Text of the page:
Shortly after I received the commission, however, my father was diagnosed with a rare, untreatable cancer. I had just begun writing the piece when, three months later, he was gone.
I could no longer write the piece I’d planned to write. My musical ideas were now refracted through the lens of grief and the anguish and disorientation of letting go. My Dad, with whom I was very close, was my primary living connection to North Carolina. The memories of my time there were newly painful to recall, because I could no longer share them with him. The material grew darker, my thinking about the piece more complex.
Mark’s and my thinking about the film changed as well. We had initially envisioned an abstract visual poem of town and landscape, but because the piece is ultimately about family, Mark suggested we bring some aspect of humanity into it. We decided to shoot images of my own children (then 6 and 4 years old) re-creating my father’s and my memories of Salisbury. We brought together friends of my parents and grandparents who are still living in Salisbury, and just let the cameras roll.
Ultimately, Hiraeth is both elegy and personal meditation. At times I consciously strove to emulate the logic and architecture of a dream, the way memory sometimes feels: motifs overlap in evolving ways; thoughts wander and interrupt one another suddenly; and frequently, one memory is imbued with the color and perfume of another. But mostly I just tried to immerse myself in my own hiraeth for this time and place I can’t return to, and give voice to what rose to the surface.
Note from Mark DeChiazza on the film:
My film for Hiraeth, which partners with performance of composer Sarah Kirkland Snider’s luminous and haunting orchestral work, aims to realize moments that never existed — rarefied memories from an imagined childhood. The film's imagery could be understood as an intricate collage of invented home movies — an idealized and blown-up version of dad’s old super-8s.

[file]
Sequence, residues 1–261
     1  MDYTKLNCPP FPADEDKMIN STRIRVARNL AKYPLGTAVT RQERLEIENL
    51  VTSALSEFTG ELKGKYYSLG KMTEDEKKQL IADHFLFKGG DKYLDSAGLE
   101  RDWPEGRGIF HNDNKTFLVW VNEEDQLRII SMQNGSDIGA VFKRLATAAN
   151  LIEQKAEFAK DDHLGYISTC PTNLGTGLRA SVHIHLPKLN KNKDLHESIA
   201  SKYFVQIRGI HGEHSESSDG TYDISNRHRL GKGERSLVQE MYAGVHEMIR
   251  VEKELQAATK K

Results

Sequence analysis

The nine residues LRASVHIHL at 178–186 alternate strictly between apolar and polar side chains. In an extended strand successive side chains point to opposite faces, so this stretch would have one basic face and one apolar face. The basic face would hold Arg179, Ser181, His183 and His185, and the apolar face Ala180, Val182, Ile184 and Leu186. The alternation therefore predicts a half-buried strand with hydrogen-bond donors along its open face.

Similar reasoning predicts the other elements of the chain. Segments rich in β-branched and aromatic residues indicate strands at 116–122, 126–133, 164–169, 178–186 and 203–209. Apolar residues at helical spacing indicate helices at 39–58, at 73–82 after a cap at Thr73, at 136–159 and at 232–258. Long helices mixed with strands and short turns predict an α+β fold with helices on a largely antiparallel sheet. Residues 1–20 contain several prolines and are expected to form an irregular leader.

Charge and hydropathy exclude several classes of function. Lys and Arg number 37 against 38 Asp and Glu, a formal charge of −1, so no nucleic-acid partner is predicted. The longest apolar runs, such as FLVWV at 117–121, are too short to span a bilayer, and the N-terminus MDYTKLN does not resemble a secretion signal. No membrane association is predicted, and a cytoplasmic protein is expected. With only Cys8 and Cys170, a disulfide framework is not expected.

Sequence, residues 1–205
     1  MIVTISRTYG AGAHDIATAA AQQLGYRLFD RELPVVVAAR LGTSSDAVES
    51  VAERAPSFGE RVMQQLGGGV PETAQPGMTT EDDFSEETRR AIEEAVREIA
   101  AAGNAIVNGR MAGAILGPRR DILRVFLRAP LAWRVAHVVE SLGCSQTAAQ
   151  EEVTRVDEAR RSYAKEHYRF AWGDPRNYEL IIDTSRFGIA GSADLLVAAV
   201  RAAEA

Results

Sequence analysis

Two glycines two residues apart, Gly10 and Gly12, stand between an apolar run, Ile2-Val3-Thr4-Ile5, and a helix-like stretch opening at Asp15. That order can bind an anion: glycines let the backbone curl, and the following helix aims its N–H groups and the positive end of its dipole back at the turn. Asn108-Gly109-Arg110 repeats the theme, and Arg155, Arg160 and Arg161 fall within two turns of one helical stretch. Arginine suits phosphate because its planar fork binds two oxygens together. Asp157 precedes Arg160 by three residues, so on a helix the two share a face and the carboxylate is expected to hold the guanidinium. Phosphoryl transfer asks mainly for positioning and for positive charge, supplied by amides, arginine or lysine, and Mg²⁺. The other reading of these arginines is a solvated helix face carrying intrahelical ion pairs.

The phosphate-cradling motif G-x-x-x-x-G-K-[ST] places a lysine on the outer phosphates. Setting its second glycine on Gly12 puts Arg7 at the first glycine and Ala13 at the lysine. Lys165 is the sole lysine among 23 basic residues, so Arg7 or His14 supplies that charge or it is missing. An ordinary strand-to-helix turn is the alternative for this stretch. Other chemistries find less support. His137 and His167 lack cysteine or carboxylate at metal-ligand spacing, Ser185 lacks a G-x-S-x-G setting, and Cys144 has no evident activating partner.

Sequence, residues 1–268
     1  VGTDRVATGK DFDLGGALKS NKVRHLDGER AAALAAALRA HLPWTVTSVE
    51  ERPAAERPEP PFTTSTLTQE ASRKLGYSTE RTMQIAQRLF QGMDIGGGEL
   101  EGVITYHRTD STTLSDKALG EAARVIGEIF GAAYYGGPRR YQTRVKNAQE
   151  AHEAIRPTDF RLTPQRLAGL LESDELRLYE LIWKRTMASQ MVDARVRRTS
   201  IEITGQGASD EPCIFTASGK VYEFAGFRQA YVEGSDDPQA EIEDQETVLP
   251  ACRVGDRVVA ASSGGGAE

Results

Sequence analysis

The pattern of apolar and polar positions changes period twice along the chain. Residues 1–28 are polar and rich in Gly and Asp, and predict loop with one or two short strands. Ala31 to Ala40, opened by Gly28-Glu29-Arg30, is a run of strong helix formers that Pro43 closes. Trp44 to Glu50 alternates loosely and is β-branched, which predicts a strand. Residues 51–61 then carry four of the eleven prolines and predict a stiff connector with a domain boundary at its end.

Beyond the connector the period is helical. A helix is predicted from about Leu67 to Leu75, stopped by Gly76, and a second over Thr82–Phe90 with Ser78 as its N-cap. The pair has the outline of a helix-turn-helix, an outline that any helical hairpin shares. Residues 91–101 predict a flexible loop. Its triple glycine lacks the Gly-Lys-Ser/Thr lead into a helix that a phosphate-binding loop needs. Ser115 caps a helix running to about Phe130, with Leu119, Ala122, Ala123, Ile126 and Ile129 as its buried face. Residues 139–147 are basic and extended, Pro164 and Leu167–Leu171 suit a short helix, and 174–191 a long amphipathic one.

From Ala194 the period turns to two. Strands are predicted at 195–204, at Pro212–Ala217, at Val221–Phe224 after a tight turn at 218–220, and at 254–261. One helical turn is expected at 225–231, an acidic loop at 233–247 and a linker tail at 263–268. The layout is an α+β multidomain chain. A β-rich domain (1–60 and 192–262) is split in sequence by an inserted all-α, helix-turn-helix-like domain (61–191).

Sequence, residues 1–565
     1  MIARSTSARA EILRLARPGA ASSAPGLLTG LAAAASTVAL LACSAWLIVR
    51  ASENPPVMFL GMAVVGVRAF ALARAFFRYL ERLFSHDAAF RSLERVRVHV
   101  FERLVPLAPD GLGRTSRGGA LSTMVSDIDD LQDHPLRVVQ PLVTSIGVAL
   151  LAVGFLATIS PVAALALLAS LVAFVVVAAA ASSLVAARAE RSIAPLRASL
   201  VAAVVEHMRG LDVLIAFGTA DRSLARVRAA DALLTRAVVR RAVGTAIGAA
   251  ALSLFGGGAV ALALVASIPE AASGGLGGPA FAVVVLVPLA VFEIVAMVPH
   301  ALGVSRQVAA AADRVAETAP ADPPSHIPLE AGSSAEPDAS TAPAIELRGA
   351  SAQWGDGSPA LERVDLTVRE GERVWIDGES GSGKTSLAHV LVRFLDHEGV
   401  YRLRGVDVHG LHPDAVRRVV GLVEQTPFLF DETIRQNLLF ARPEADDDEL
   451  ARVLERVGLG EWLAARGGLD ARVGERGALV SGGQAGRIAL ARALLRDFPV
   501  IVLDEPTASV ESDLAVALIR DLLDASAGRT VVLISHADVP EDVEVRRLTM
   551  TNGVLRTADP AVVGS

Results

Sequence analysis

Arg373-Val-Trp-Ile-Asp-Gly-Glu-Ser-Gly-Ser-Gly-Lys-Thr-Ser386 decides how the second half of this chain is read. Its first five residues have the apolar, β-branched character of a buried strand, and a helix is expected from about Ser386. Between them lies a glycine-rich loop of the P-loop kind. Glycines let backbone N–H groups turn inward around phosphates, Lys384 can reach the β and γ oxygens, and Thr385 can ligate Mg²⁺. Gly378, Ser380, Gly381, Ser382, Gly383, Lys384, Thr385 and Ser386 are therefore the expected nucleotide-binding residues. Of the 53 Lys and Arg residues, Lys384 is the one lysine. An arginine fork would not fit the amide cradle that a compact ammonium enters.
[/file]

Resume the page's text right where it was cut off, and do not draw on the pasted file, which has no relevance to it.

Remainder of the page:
Shot on location around Salisbury, NC, where Snider’s father grew up and where, as a child, she would visit her grandparents’ home. I cast Jasper and Dylan, Snider’s own children, as the primary subjects of his film, drawn to the immediate and tactile way that children explore their surroundings through play, and how childhood memories are shaped through this mode of encountering the world.
The camera's eye lingers inside a nostalgic and perhaps uneasy past, selectively focusing on some elements while leaving others obscured in glowing haze, drawn too close for clarity. Hiraeth's children move within a story that is always kept slightly outside of our frame — we are right beside it but looking at a tangent to it. Evading narrative's concrete unfolding, we instead receive the moods, colors, and energies that it exudes — a tactile poetry sent to move within the delicate and sweeping currents of Snider’s music.
RICHARD STRAUSS (1864-1949)
DER ROSENKAVALIER — SUITE
Premiered: (Opera) Dresden, Germany, 1911; (Suite) New York, 1944
When American troops came to requisition his house in Munich in the summer of 1945, Richard Strauss introduced himself as “Dr. Strauss, composer of the Rosenkavalier.” It was enough to let him keep his home. Der Rosenkavalier was easily his most famous, most popular work.